1 of 9 | A mourner kneels at markers commemorating the 17 students, teachers and staff who died in the mass shooting at Marjory Stoneman Douglas High School in Parkland, Fla., days afterward. File Photo by Gary Rothstein/UPI | License Photo
Oct. 20 (UPI) -- Nikolas Cruz on Wednesday officially entered guilty pleas in the shooting deaths of 17 students and staffers at his former high school in Parkland, Fla., more than three years ago -- and will now let a jury decide whether he will die for the crimes.
Cruz went on a rampage at Marjory Stoneman Douglas High School on Feb. 14, 2018. He originally pleaded not guilty to all charges of murder and attempted murder, but his attorneys indicated last week that he wanted to change those pleas to guilty.
Speaking to the court on Wednesday, Cruz apologized to the victims' families and said he has nightmares about the shooting in Parkland, which is located about 10 miles northwest of Fort Lauderdale and 40 miles north of Miami.
In all, Cruz pleaded guilty to murder in the shooting deaths of 14 students and three school staffers, and attempted murder for injuring 17 others. Now 23, Cruz was 19 at the time of the shooting and a former student at MSD.
A mourner is seen at a candlelight vigil in Parkland, Fla., on February 15, 2018, for the victims of the mass shooting at Marjory Stoneman Douglas High School a day earlier. File Photo by Gary Rothstein/UPI
"I'm very sorry for what I did," he told the victims' relatives, some of whom watched the hearing remotely on Wednesday. "I have to live with it every day. If I were to get a second chance, I would do everything within my power to help others. I'm doing this for you.
"I don't care if you do not believe me. I love you," he added. "I know that you don't believe me, but I have to live with this every day. It brings me nightmares, and I can't live with myself sometimes."
Cruz's comments came after prosecutors detailed his movements through the school on the day of the attack and each victim he shot. The account moved many in the courtroom to tears, and others visibly struggled to hold back emotions.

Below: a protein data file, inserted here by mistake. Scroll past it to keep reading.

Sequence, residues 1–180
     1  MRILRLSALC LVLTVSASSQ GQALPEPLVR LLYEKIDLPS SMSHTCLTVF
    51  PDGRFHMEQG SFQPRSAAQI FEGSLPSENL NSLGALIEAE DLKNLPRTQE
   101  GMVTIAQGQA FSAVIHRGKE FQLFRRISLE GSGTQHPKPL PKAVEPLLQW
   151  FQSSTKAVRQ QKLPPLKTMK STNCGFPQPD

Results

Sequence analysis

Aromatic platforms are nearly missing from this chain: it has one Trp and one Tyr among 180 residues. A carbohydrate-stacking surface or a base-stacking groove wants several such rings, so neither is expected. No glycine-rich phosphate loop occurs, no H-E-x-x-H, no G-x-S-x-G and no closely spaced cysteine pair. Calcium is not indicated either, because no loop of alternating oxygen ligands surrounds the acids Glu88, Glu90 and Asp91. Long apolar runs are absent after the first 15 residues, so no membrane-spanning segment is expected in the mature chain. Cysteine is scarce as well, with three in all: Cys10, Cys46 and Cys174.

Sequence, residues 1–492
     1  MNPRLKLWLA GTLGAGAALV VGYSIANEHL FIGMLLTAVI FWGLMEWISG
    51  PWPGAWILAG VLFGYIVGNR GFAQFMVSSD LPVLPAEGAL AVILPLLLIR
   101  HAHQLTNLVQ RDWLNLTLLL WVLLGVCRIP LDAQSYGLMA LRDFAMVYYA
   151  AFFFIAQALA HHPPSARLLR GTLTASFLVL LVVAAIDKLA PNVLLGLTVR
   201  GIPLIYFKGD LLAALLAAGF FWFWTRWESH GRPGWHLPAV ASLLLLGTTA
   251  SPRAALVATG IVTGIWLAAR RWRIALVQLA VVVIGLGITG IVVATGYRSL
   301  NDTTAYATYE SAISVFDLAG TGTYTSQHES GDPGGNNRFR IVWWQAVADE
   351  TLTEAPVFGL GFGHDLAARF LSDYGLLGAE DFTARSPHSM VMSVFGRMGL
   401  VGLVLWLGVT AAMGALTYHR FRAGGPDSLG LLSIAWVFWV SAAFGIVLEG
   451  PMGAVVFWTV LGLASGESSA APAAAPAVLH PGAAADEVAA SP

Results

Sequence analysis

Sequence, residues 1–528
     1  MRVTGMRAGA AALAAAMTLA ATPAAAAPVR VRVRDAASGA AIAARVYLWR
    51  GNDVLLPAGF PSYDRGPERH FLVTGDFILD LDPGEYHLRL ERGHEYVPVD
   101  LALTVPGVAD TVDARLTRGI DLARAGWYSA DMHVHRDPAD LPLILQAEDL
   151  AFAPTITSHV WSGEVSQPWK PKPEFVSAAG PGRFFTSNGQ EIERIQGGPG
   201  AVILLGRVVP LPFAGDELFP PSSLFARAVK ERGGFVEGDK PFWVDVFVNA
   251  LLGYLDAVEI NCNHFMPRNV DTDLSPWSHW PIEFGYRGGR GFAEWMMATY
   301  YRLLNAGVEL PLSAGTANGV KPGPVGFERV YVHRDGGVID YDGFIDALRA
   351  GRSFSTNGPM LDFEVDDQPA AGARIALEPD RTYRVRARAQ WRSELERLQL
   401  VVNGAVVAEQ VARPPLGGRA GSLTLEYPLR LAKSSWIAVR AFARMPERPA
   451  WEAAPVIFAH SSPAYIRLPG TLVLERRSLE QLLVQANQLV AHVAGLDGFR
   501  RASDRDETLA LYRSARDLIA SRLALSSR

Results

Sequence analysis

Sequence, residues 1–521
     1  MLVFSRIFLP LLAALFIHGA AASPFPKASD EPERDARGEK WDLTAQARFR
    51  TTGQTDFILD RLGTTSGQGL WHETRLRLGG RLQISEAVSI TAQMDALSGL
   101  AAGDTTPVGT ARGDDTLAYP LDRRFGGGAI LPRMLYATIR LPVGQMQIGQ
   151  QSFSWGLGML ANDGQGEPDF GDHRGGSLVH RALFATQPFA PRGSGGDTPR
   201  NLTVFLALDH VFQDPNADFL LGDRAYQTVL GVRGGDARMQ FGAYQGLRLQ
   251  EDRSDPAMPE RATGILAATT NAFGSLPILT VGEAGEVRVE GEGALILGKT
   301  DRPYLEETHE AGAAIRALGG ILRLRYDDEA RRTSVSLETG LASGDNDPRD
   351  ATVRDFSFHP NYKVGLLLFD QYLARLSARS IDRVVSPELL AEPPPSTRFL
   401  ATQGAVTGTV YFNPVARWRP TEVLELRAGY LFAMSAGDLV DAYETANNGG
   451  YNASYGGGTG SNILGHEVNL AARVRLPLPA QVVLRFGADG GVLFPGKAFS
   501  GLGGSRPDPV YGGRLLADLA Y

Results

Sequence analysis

Prosecutors described how one student survived the initial phase of the killer's rampage, only to have Cruz return and shoot him a dozen times.
Broward County Circuit Judge Elizabeth Scherer went over each of the 34 counts against Cruz, repeating to him the rights he was giving up by pleading guilty.
The change of plea gives defense attorneys an opportunity to argue before sentencing that Cruz has taken responsibility for the crimes. Prosecutors have said they still intend to seek the death penalty.
Jury selection for Cruz's sentencing is scheduled to begin in January.
Although Cruz won't be sentenced for the Parkland shootings for a few months, Scherer has sentenced him to nearly 26 years in prison on separate charges -- to which he pleaded guilty on Friday over a fight with a sheriff's deputy while in jail.
The Parkland massacre sparked student walkouts and other protests across the United States, with many surviving MSD students leading calls for gun safety and accountability from elected officials to keep students safe at school.
March for Our Lives, which formed in the days after the Parkland shootings to galvanize young people, said in a statement Wednesday that it had no comment on the gunman's plea and asked the media to refrain from using his name.
The guilty pleas would bring them no peace, it said.
"It has been nearly four years since the shooting. We are appalled and disgusted that policymakers continue to waffle and play games, rather than do what needs to be done to prevent any more gun deaths. We are not at peace, we are as angry and determined as ever."
David Hogg, an MSD survivor who is now a junior at Harvard University, was among those who fought for gun control after the shooting.
"One day we will end gun violence in this country and stories of school shootings/every day gun violence will be left in our history books -- not our headlines," Hogg tweeted Wednesday. "That day will come when Americans of all parties and generations unite for peace -- for our right to not be shot."
Local area students participate in the National School Walkout protest for school safety, at the U.S. Capitol in Washington, D.C. on Wednesday. The youth-organized protest is to bring attention to school safety, protest gun violence and to honor the 17 victims of the shooting at Marjory Stoneman Douglas High School. Photo by Kevin Dietsch/UPI | License Photo